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Why Avoid Wheat If You're Not Gluten Intolerant?

By: Leigh Sexton - Updated: 5 Oct 2012 | comments*Discuss
Gluten Intolerance Wheat Food

Why would anybody stop eating wheat if they don't have to? There are several very good reasons for cutting wheat out of the diet, and many people do choose to go gluten-free.

There’s been something of a backlash against non-wheat eaters recently, caused by three different events:

  • The debunking of the MMR vaccine/autism link has led many GPs to reconsider issues of food and medical intolerance in a less charitable light.
  • The recent tendency for people to add gluten-free foods into the detox craze, thus turning what is often a genuine food intolerance into a diet fad.
  • The recession and economic belt-tightening, which has led to a greater uptake of basic or ‘own brand’ foods, most of which have wheat as an ingredient.
There’s also a tendency for ‘celebrity diets’ to become popular and then to fade away again. Several years ago Kate Moss popularised the ‘egg white omelette’, which was demanded in bistros and restaurants across the world, but now almost nobody bothers to ask for it. Similarly, the fact that people like Victoria Beckham, Terence Stamp and Dannii Minogue all eat wheat-free can lead to a frenzy of gluten-free food consumption in celebrity followers. This can then cause mainstream food providers, particularly restaurants and top chefs, to become vocal about the ‘stupidity’ of exclusion diets.

Somewhere between these extremes is a large group of people who have chosen not to eat gluten-containing products but who haven’t been diagnosed as gluten intolerant or having coeliac disease. So why would anybody who isn’t diagnosed as gluten-intolerant want to stop eating wheat?

Why Avoid Wheat?

There are many good reasons people have for removing wheat from their diet, either temporarily or permanently, and here are the most common:

Linked Intolerance

Some current research suggests that coeliac disease (gluten intolerance) and lactose intolerance are increasing and are often appearing in the same individuals. The cause of both conditions is unknown, but given that there is a link in a reasonable percentage of the population, some nutritionists are advising those who are found to be lactose intolerant to cut wheat from their diet while they are finding a good regime of food/medication for their primary intolerance. This prevents an underlying wheat allergy causing symptoms that are mistaken for lactose responses and cause medication to be adjusted upwards.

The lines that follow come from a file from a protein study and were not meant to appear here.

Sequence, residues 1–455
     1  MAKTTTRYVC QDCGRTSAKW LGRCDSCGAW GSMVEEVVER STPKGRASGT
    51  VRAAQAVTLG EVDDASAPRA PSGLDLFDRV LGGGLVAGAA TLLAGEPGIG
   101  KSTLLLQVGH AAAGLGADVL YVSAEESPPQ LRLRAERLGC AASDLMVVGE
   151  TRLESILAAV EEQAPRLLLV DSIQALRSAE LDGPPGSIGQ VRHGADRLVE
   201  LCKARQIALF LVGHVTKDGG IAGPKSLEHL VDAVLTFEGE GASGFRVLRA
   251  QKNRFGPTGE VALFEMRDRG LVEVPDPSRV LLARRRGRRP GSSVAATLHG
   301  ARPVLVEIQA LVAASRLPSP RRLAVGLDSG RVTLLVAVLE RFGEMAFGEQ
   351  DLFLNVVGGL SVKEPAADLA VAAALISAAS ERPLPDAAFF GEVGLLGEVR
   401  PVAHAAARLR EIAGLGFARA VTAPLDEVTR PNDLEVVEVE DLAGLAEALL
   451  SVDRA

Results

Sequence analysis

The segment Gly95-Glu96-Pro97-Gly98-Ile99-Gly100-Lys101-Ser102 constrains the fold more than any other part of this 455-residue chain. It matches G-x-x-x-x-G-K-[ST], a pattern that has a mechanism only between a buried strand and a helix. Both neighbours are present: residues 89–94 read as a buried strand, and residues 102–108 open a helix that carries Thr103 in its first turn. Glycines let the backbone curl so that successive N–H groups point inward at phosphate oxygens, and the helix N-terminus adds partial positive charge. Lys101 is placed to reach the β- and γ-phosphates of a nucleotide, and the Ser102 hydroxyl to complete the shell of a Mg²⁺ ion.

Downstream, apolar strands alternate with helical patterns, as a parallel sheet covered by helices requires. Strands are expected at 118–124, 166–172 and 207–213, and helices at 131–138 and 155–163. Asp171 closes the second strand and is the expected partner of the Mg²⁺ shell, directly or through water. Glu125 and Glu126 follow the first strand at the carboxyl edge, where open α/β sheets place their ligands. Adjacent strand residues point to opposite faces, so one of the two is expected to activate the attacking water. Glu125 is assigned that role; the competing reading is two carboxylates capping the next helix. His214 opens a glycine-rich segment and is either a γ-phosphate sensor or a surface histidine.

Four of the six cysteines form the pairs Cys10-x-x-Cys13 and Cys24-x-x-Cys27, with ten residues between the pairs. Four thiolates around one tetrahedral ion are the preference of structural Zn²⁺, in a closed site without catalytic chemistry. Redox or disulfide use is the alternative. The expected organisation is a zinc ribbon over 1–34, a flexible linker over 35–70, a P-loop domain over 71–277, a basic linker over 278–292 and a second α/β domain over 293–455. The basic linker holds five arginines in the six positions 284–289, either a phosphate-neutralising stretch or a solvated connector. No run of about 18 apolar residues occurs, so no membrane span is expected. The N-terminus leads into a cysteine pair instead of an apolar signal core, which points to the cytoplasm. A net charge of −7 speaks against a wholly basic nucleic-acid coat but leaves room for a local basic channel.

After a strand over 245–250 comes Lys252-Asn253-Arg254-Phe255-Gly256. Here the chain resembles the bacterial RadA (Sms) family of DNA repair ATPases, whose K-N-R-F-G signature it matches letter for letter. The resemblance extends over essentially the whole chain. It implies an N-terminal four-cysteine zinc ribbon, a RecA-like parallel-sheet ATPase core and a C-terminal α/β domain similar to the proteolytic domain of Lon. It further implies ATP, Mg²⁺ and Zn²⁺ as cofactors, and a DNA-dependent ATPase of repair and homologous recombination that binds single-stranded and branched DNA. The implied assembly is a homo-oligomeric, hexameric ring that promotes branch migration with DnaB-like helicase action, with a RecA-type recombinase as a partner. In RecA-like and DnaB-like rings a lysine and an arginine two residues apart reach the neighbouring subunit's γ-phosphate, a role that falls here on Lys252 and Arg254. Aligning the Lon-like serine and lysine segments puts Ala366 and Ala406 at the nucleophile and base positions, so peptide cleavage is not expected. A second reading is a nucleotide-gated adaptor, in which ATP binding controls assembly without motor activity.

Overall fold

Behaviour, Autism And Food Intolerance

There is also an experimental school of thought that is attempting to improve the quality of life for autistic children by removing gluten from their meals. While this approach is still being pioneered and is largely undocumented in the scientific press, anecdotal reports and studies being carried out by some autism support groups suggest that improved focus, better speech and higher activity levels can be obtained with at least some autistic children when they stop eating wheat-based foods.

Irritable Bowel Syndrome

The most common reason for wheat exclusion, outside of diagnosed gluten intolerance, is Irritable Bowel Syndrome (IBS), a common but deeply uncomfortable gut condition. It’s called a functional disorder, which means that while the gut (including the bowel) looks normal, it fails to function normally. There is no physical evidence of a problem, only the symptoms of pain, discomfort and bloating, as well as irregular and unpredictable gut function.

While one in five people in the UK will have IBS at some point in their lives, it’s most commonly experienced for the first time in teenagers and young adults (suggesting a link to stress) and is twice as common in women as men. Around half those diagnosed with IBS find that they have food intolerances or food sensitivities that make the condition worse or cause ‘flare ups’, where the gut goes into cycles of diarrhoea and constipation. The most commonly reported foods for causing IBS to appear or to increase are wheat, rye and barley, coffee and other caffeine containing foods and drinks, and dairy products. Because an IBS diagnosis can take time, some consultants suggest that patients awaiting a confirmation of their condition cut out wheat and caffeine for a period of six weeks to see if their symptoms improve.

This form of exclusion diet is not particularly difficult to maintain, gives the patient a sense of ‘something happening’ so that they don’t feel disheartened about the process, and can often lead to a real reduction in the severity of symptoms, which in itself creates a better lifestyle for the individual.

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